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December 1975

Ischemia of Ciliary Arterial Circulation From Ocular Compression

Author Affiliations

From the University of Illinois Eye and Ear Infirmary, Chicago (Drs Jampol, Goldbaum, and Rosenberg), and the Department of Ophthalmology and Visual Science, Yale University School of Medicine, New Haven, Conn (Dr Bahr).

Arch Ophthalmol. 1975;93(12):1311-1317. doi:10.1001/archopht.1975.01010020945003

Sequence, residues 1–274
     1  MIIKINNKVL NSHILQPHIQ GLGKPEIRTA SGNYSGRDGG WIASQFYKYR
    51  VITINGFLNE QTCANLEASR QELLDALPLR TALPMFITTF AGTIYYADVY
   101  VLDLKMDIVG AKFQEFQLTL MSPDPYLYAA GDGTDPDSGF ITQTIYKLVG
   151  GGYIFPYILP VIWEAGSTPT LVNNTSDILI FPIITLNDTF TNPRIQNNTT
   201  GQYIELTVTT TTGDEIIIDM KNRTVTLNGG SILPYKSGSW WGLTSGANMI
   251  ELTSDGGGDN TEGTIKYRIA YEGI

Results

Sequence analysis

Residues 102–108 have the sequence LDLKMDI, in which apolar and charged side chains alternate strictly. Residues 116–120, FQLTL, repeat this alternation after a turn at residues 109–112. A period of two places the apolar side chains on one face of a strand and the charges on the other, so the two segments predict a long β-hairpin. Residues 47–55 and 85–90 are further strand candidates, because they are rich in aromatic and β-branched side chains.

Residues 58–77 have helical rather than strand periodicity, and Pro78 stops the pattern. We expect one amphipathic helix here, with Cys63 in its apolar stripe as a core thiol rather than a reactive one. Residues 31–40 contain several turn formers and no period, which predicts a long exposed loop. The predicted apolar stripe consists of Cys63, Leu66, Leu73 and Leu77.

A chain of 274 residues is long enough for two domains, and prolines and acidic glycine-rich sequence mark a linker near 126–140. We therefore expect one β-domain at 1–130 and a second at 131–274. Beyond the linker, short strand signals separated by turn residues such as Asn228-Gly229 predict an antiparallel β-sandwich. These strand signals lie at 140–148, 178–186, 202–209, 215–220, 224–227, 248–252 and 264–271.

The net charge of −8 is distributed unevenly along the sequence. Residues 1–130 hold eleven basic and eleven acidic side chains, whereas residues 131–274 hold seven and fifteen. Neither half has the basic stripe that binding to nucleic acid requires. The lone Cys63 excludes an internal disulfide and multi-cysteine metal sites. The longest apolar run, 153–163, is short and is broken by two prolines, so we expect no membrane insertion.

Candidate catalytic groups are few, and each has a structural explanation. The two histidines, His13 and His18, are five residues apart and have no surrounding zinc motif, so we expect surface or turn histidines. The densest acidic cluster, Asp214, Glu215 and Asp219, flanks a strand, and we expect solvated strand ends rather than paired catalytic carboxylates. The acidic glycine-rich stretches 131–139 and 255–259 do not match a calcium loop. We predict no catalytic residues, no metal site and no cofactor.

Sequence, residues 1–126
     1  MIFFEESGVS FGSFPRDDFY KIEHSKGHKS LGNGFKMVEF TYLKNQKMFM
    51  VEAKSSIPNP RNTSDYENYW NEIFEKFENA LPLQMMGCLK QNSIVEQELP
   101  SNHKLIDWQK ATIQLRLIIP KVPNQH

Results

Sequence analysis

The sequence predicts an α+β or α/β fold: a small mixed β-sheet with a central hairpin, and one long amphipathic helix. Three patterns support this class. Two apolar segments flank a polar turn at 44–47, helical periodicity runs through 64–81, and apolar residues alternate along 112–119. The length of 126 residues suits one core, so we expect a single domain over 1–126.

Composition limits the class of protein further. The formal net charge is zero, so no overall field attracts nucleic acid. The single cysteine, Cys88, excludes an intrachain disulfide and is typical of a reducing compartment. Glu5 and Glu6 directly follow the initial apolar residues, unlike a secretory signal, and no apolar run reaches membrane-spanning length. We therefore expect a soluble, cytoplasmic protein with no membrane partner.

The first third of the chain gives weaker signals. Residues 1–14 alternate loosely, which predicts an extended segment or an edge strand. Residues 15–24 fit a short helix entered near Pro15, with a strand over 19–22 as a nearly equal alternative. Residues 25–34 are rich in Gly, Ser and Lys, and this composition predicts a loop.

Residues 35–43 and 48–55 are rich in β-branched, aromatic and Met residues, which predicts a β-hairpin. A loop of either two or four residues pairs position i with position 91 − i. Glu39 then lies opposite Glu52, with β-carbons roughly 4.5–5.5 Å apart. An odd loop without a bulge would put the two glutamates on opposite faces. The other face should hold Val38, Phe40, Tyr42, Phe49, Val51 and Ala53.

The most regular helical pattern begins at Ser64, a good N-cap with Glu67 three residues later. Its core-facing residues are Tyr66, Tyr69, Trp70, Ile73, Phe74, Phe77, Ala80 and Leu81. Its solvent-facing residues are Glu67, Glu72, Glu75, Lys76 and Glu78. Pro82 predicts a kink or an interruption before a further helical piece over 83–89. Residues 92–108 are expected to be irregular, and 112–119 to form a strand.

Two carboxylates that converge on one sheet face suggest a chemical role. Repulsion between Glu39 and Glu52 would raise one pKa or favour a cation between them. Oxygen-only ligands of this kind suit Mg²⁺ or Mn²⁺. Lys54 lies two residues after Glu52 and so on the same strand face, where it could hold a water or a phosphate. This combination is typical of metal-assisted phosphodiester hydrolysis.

• Two patients developed unilateral central retinal artery and posterior ciliary artery occlusions related to ocular compression during general anesthesia. One patient had evidence of extensive choroidal ischemia with diffuse hypopigmentation, pigmentary mottling of the posterior pole, and disc edema. Electroretinography showed diminution of the A and B waves. The other patient showed patchy choroidal ischemia with subsequent development of wedge-shaped areas of pigmentary atrophy and mottling in the midperiphery. Iridocyclitis and prolonged hypotony were also present. Retinal and posterior ciliary artery occlusion (perhaps at the level of the ophthalmic artery) can occur as a result of ocular compression by a face mask or an improperly positioned headrest. Systemic hypotension is a factor in many cases. Proper positioning of the head on an adequate headrest and avoidance of ocular compression will prevent the occurrence of retinal and choroidal occlusion during general anesthesia.

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